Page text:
Quote Originally Posted by DonSchap View Post
    By the way, 'jekostas' would probably and more than likely say ... "You overexposed" the shot by 7/10s of an f-stop. Metering and working with overcast light is often corrected by just speeding up the exposure, or tighten the aperture one-click. To preclude the slop, I bracket. That way I have a +2 and -2 Ev image to "futz" with. I mean, c'mon, it is not like I am going to run out of ... "film?"
    Um, so correcting the exposure would be fixed by dialing down the aperture, or increasing the shutter speed...

    Right, so, question, isn't that the same as the original shot being overexposed?

    Yes?

    No?

    And you fixed this "problem" by exposure bracketing the image?

    Don, wow, you're really good at not knowing what you're talking about. If you're going to insult someone, you should probably try reading what you post, first.

    Oh, and centre-weighted metering combined with a polarizing filter would've helped, though you essentially duplicated the effect of the latter by processing the RAW file.
    E-510
    E-1
    Zuiko 14-54 F2.8-3.5 MkI
    Zuiko 70-300 F4.0-5.6
    Konica Hexanon 52mm F1.8
    Cullmann 2503
    Benro KS-0

  10. #20
    Join Date
    Feb 2006
    Location
    Des Plaines, IL
    Posts
    9,560

    Red face Don't cloud the issue ...

    When you are "metering" for the image, you tend to follow the camera's choices. Personally, I got a little gun-shy when my SONY AF 50mm f/1.4 decided it did not want to close "right away" when the shutter release was triggered, giving me all sorts of curious exposure issues.

    I tend to stick with the meter and see what shows up. Obviously, others may not do this and it is not an insult 'jekostas' ... I actually invoked your name as a reference concerning this particular shot. So make your twisted comments as you see fit, but understand ... we all have a method to our effort.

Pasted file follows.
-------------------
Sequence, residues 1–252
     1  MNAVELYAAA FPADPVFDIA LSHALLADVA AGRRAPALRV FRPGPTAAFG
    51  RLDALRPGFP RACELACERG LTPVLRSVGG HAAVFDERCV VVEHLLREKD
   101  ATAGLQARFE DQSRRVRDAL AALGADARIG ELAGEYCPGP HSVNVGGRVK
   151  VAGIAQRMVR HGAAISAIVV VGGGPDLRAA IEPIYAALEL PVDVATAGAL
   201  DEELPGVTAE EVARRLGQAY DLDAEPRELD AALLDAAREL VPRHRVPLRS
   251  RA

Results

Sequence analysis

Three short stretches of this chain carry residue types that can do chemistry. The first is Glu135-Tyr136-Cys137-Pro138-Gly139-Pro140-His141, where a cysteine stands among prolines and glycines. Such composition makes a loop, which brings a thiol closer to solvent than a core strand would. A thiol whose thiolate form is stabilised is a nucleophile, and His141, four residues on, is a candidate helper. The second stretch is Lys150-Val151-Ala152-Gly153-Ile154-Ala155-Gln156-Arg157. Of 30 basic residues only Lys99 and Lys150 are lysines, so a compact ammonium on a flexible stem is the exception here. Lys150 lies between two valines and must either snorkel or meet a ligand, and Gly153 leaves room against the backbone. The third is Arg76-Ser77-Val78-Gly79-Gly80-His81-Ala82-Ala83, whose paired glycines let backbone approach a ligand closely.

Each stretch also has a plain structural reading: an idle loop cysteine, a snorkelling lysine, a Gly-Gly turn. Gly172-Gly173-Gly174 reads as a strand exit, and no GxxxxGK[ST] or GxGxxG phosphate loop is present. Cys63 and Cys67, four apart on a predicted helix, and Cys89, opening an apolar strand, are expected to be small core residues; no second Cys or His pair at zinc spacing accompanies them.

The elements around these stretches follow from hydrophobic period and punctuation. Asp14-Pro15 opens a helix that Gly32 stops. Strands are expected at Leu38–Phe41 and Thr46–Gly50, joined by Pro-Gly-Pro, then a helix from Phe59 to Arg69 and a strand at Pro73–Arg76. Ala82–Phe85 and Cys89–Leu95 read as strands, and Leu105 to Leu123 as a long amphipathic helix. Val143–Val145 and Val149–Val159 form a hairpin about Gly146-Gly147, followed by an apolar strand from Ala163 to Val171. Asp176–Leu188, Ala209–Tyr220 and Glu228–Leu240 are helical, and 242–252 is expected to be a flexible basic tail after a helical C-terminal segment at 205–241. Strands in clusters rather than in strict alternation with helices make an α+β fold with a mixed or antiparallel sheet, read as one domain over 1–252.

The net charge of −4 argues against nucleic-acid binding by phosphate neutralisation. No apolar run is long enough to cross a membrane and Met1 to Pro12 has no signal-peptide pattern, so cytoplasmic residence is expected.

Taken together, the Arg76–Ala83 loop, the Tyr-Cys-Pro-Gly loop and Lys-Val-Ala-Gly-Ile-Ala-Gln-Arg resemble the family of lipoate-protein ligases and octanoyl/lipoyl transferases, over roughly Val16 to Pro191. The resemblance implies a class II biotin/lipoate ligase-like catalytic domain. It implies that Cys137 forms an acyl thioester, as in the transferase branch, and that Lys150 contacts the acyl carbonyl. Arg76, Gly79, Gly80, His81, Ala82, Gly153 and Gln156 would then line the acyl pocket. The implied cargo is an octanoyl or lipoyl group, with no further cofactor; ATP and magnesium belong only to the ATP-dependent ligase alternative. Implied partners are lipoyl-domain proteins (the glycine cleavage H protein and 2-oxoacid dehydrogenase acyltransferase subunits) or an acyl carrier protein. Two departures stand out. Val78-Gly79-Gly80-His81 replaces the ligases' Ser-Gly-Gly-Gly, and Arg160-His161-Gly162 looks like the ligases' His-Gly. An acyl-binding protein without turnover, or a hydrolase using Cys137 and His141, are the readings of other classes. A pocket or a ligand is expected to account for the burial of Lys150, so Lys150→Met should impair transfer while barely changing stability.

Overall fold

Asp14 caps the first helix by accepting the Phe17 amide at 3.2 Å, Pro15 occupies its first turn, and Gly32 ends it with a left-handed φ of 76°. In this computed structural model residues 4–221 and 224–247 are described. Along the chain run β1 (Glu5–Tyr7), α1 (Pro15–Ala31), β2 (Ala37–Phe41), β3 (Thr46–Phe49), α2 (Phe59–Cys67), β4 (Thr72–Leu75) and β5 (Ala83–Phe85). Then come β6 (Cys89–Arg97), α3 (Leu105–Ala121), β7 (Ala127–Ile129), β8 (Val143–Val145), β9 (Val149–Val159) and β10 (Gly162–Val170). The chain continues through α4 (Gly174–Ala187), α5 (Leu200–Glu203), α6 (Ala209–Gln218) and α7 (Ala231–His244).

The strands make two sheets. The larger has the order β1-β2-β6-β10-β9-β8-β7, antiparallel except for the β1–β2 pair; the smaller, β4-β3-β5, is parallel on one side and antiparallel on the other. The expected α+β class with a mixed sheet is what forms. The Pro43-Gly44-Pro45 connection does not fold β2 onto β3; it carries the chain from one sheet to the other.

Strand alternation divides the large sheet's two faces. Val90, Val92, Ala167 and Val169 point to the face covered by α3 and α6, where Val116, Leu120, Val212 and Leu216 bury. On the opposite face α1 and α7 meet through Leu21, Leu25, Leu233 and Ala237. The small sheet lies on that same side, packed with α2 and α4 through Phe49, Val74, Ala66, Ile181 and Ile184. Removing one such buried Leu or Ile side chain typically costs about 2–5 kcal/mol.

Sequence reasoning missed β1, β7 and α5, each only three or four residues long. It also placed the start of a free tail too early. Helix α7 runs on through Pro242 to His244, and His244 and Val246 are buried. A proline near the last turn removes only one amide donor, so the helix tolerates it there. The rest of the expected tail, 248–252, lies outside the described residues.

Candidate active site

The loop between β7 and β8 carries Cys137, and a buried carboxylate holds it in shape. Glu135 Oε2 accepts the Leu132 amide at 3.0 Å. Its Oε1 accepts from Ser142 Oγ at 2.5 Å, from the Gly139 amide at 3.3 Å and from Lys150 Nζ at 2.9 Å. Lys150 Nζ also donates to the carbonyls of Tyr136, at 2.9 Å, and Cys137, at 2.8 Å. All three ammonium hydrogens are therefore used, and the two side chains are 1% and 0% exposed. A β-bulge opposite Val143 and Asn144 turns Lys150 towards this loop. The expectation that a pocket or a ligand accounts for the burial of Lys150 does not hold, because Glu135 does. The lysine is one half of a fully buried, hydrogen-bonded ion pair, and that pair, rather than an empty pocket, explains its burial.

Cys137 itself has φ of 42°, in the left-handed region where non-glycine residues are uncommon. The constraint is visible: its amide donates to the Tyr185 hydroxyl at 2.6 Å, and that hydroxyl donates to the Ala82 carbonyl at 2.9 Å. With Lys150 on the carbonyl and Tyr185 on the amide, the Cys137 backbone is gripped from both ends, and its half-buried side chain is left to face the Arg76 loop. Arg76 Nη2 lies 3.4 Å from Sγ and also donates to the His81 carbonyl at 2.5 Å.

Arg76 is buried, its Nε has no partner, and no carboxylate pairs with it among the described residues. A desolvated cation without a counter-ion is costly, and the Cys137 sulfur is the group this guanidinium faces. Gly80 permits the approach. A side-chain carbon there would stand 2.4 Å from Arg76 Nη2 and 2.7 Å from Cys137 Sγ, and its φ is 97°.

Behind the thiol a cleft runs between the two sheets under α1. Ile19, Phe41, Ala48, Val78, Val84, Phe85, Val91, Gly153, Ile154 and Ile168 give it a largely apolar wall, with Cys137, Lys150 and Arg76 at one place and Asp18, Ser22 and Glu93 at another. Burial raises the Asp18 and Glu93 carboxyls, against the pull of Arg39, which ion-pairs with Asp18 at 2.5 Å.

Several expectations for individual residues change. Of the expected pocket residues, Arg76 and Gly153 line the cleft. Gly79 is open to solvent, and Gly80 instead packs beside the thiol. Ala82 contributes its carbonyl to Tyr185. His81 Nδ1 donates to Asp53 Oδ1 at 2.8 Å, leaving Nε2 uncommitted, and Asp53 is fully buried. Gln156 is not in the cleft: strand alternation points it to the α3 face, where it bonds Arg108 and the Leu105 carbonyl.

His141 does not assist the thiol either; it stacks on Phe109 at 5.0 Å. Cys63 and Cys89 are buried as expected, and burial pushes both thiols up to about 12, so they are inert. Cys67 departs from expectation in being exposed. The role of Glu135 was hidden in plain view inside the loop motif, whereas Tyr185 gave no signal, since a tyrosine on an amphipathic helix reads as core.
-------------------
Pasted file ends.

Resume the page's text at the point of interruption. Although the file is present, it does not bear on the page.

I often wonder how many of our pieces of equipment have small issues we are unaware of. I sent my lens to SONY twice ... and it wasn't until I had a third-party present it that SONY finally got the idea I was on to something. If figure if the repair pros have issues with the gear ... what chance do the novices have?

    @ Darin: Exposure can be really touchy with low contrast lighting and the use of filters can help a bit. obviously, the camera needs as much light as it can get to provide the exposure and you can often struggle down (with software) the exposure from a good +1Ev. Pushing the exposure up, though, provides a "noise opportunity" that can ruin the shot.

    From my training, in school, "exposing to the right" means shooting with the meter reading at the right of zero, tending toward overexposure. This lifted the shadows a bit, but color loss is a distinct possibility. With the Creative Style settings, you can fight a few steps to get the color picked up.

    With my custom "Autumn Leaves" selection, I have:

    Saturation +1
    Sharpness +2
    Brightness -2
    Zone -1


    You might give that a shot, so to speak.
    Last edited by DonSchap; 11-06-2009 at 07:36 PM.
    Don Schap - BFA, Digital Photography
    A Photographer Is Forever
    Look, I did not create the optical laws of the Universe ... I simply learned to deal with them.
    Remember: It is usually the GLASS, not the camera (except for moving to Full Frame), that gives you the most improvement in your photography.

    flickr & Sdi

Posting Permissions

  • You may not post new threads
  • You may not post replies
  • You may not post attachments
  • You may not edit your posts
  •